The 24/7WallSt post neglects to report on cities with pension liabilities. Milwaukee has one of the highest rated pension funds in the country and is at or near 100% funded, Nicolini said. “We have made a commitment to fund the pension and as I look at the horror stories around the country, I’m thankful we made those decisions,” Barrett said. Barrett also acknowledged that income is too low in the city. Barrett said he supported an increase in the federal minimum wage, from $7.25 to $10.10 an hour. President Barack Obama also supports the measure. The Common Council cannot raise the minimum wage for city workers. On the state level, Barrett conceded efforts to raise the state’s minimum wage are unlikely to succeed in the Republican-controlled Legislature.

Now there are those who probably are going to assume that this is a hoax. Really it’s not. You may have heard that Milwaukee is the most segregated city in the U.S. Keep in mind, it’s not all black and white. Other ethnics in the city can be segregated also. It’s number 4 when it comes to the poor. And many others. Yes, there are positives, but when it comes to things like this, it’s mostly negative. Yeah,  we can run to the local governments all we want too. We can run to the officials all we want. BUT IT HAS TO START: with the citizens first! 10 years ago in 2004, Bill Cosby made an appearance in Milwaukee part of his tour in the country speaking in poor ridden areas. I never forget when he said this. Even I repeated this on this blog! – “Milwaukee, you have become a city that has been put on notice. I didn’t do it. You notified yourself.” He was right then and he was right now. Later on this month, the City of Milwaukee will be having a big birthday party. Oh you don’t know? January 31st , 1846 was the date that the city was founded. It was founded by 3 socialist mayors of Juneau, Kilbourn, and Walker (not Scott Walker, mind you) And yes it has been a soon to be long 168 years. But the big question is within the 168 years, what can be done to improve the city’s image towards the next 168? Yes we can talk about Northwestern Mutual, Harley-Davidson, Kohls, Miller, and many other household names and yes shows like Laverne and Shirley/Happy Days that made Milwaukee famous. BUT…………are they the answer to help the issues of the poor, and segregation? We can talk about the movies like The Blues Brothers and Transformers 2 (which part of the movie was filmed in Milwaukee) Major League, Mr. 3000 and Public Enemies. BUT………….Are they the answers to Milwaukee’s concerns? We can talk about the first churches, the migration of African-Americans with Bronzeville which is happened in the past, but what about the concern of the future? Oh, last year in 2013 there were groups like Newaukee, the Historical Milwaukee groups popped up about the positives of the city. BUT………………What about the concerns of blacks and other minorities under 40 who want in also to help the city other than getting 3 LGBT  Members and one black woman? HELLO! Don’t act like I forgot that! Neither has WNOV. We can talk about the arts, entertainment, sports, colleges, universities, all around that made Milwaukee great. BUT………….what about the concerns of affording those game appearances, college, universities, and the arts dealing with the major concerns of the city?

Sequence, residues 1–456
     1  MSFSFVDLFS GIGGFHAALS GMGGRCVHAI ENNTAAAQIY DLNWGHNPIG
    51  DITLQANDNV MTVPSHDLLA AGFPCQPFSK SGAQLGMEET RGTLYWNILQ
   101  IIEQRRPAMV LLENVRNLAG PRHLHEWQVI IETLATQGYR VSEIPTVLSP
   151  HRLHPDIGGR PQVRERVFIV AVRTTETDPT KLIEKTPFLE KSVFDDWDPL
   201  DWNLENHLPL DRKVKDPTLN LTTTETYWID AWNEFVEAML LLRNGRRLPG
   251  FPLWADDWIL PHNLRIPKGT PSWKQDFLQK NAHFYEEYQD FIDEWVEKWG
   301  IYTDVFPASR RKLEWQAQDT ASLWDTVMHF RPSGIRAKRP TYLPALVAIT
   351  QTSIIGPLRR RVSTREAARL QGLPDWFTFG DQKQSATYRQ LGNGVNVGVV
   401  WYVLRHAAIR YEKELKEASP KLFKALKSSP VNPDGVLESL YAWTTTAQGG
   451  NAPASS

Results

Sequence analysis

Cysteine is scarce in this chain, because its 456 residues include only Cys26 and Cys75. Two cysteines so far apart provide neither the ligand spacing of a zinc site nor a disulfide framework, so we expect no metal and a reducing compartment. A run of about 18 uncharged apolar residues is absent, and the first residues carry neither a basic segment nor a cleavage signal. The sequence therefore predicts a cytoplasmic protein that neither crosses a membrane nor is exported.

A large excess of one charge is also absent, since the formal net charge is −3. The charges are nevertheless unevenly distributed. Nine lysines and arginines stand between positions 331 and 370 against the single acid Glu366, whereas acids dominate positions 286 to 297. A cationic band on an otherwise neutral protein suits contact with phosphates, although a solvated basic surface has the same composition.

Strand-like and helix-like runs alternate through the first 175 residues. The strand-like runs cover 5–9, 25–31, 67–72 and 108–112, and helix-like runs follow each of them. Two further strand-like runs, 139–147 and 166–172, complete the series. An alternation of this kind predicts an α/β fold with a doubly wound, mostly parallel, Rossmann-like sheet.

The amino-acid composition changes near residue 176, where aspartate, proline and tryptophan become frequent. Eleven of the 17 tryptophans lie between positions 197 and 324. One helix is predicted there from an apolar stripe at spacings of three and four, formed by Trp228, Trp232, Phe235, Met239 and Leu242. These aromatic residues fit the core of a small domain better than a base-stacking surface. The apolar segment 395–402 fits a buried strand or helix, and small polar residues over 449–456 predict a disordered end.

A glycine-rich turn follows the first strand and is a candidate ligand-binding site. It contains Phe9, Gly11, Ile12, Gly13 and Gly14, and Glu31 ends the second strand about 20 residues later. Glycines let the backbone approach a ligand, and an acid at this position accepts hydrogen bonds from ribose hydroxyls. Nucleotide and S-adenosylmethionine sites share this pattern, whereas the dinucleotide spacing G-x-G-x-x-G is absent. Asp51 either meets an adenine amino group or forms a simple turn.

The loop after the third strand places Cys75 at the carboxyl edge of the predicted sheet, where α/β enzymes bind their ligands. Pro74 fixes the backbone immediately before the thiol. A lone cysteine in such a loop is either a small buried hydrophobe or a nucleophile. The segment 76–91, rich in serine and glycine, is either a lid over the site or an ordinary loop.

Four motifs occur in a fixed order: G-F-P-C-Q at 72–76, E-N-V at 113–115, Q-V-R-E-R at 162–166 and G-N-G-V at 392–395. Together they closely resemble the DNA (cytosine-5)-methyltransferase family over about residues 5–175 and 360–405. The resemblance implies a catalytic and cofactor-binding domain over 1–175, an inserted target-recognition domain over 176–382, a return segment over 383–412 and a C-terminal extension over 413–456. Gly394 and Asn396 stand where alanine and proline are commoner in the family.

Is any of this making sense? Time to work!


Yes, the city has positives and negatives.